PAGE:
Sustaining Virtual and Digital Health Beyond the COVID Pandemic: Strategic Questions for Health Care Leaders


As hospitals grapple with how virtual and digital health will change the health care landscape, it’s hard to ignore its continued influence and disruption since the COVID-19 pandemic began nearly two years ago. Care models were operationalized in virtual environments at an exponential pace, and this dramatic shift has forced a reimagination of how to better meet patients’ needs. Vizient and its subsidiary Sg2 explored the rate of adoption nationwide, and how virtual and digital health was stood-up or expanded in response to COVID.


How a Community Purchasing Strategy for Hospital Services and Supplies Can Improve Community Health and Strengthen Communities in the New Year


Amid all the uncertainties facing the health care industry today, one thing is clear. We need to continue to improve the health of our communities and do so in a way that supports, honors and leverages diversity. One of the most impactful actions hospitals can take is to reimagine their sourcing—from accounting and IT services, to landscaping and laundry, to biomedical services and surgical products—creating a broader, more equitable network of diverse suppliers. The benefits are far reaching, creating local jobs that strengthen the local economy and in turn, improving health outcomes and equity.


Hospital Surprise Billing Regulations Effective Now: Here’s What you Need to Know


While 2021 ended with uncertainty around the future of the Biden Administration’s Build Back Better Act and the return to any sense of normal, we entered 2022 with the start of hospitals’ and other health care providers’ required compliance with surprise billing regulations. Because we know Vizient members and providers throughout the country have been overwhelmed by the COVID-19 pandemic, here’s what you need to know. 


Miles to Go Before I Sleep: Robert Frost and the Common Good


The percentage of Americans aged 65 or older will surpass 80 million by 2040 and will hit 94.7 million by 2060, brining brings with it an enormous burden of chronic illness, shouldered by a group of people who are increasingly disabled, socially isolated and severely limited in their ability to cope with their illnesses and the complexity of the health care system. At the same time, we have an unprecedented increase in the number of healthy seniors—folks whose professional careers are coming to a close, but whose physical and mental capabilities are far from exhausted. With their working lives winding down, many of these healthy seniors express feelings of diminished usefulness. It’s this fortuitous confluence of relatively healthy seniors and their less fortunate generational peers that make the echoes of volunteerism that John F. Kennedy spoke of in 1961 relevant today.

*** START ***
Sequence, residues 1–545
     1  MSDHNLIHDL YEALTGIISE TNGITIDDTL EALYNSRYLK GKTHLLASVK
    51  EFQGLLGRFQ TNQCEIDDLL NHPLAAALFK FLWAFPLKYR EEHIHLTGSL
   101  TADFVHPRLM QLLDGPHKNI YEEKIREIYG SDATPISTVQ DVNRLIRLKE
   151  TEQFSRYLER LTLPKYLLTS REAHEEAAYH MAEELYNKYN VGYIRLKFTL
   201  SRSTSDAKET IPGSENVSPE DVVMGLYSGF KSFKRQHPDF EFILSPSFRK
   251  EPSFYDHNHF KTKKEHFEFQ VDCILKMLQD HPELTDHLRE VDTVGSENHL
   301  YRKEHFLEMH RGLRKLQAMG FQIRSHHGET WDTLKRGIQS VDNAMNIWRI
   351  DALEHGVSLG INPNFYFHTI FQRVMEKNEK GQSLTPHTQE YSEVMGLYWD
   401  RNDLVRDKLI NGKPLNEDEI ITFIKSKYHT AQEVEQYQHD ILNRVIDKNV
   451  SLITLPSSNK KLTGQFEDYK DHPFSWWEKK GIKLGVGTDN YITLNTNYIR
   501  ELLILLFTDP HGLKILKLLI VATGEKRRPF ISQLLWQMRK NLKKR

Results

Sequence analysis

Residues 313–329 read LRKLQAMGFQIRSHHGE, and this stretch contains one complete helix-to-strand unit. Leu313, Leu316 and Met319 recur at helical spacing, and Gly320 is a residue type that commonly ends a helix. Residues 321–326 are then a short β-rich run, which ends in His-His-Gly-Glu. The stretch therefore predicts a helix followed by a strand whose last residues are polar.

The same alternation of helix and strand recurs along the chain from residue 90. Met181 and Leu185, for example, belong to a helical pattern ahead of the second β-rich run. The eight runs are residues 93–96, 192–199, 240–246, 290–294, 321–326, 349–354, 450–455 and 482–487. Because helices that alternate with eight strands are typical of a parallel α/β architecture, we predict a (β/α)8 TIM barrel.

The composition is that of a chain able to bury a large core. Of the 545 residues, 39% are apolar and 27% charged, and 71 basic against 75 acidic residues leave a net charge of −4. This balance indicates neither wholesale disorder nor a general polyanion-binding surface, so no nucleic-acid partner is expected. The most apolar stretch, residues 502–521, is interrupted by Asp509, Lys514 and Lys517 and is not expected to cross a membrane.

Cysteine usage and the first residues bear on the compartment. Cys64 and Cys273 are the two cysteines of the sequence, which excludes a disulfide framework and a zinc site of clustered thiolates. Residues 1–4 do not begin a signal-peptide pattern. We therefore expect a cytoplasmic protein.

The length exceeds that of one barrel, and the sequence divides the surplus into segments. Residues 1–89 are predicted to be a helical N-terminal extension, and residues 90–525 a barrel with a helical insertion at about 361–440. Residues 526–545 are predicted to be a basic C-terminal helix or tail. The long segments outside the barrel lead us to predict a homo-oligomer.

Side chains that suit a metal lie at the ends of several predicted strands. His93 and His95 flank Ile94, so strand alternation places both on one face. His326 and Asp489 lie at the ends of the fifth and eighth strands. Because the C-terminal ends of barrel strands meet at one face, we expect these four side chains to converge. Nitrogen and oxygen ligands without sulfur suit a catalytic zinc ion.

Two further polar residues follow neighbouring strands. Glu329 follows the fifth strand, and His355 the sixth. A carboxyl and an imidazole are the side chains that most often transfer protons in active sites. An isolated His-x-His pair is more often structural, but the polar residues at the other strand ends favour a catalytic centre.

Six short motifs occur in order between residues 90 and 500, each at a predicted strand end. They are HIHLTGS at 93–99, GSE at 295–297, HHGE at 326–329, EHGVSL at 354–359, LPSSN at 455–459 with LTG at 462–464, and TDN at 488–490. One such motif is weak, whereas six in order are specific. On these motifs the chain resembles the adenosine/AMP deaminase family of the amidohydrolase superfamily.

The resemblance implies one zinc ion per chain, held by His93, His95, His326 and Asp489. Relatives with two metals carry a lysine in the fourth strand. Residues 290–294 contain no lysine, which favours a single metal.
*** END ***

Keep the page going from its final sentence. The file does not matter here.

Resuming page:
How Surgical Tray Standardization Saved One Hospital $50,000 and What You Should Know


As hospitals and health systems continue to work to manage costs while maintaining quality, surgical tray standardization remains an untapped resource for many organizations. As surgeons request instruments based on their individual preferences, the size of surgical trays continues to grow. And as the number of instruments on a surgical tray grows, the use of those instruments declines, creating unnecessary costs to purchase, process and manage the instruments. Standardizing surgical trays can support hospital efforts to manage costs and maintain quality, but for many are an untapped resource. Here’s what you need to know.


Supply Chain Lessons: Managing Change is Inherent to Success


Today more than ever managing change is an inherent part of a supply chain leader’s role. Backorders, substitutions and supplier changes have become almost daily events. While some of these changes may be transparent to end-users, such as changing an office supply, others, such as a critical patient care item, may involve shifting processes and procedures that affect multiple departments across the hospital. In my experience, the latter requires clear communication to all affected groups and end-users to successfully implement wide-reaching supply chain changes.


The Workforce Challenge Is a Segmentation Challenge


In my conversations with senior executives at healthcare organizations around the country, I find that leaders have three critical topics on their minds: workforce, workforce, and workforce.

 And no wonder. 


The Future of Health Care is Connection


A few weeks ago, I had the privilege of welcoming our members, suppliers and staff to the Vizient Connections Summit, our first in-person event since the start of the pandemic. The conference centered around the concept of unity, which was palpable in the excitement of peers and colleagues from all corners of the health care industry reuniting for the first time in too long. Not to mention the word Unite in big block letters sprawled across every screen. But as the ballroom filled and the noise of conversation swelled, I found myself captivated by a different word just above those big block letters – Connections.


Using an Owner Controlled Insurance Program (OCIP) for Health Care Construction Projects


Industries such as transportation, government and entertainment have long used “wrap up” programs called owner-controlled insurance programs (OCIPs) to facilitate more control over their insurance costs, coverage, safety and claims management for larger construction projects. There are many benefits for OCIPs for health care construction, including cost savings and enhanced coverage value for their organization. Here's why.


Health Care Spending and the Winds of November


Using homeownership as an analogy, we'll explore how the traditional role of health insurance has been replaced by an expectation that each beneficiary will take out at least as much as they pay into the system, a fundamentally unsustainable economic model.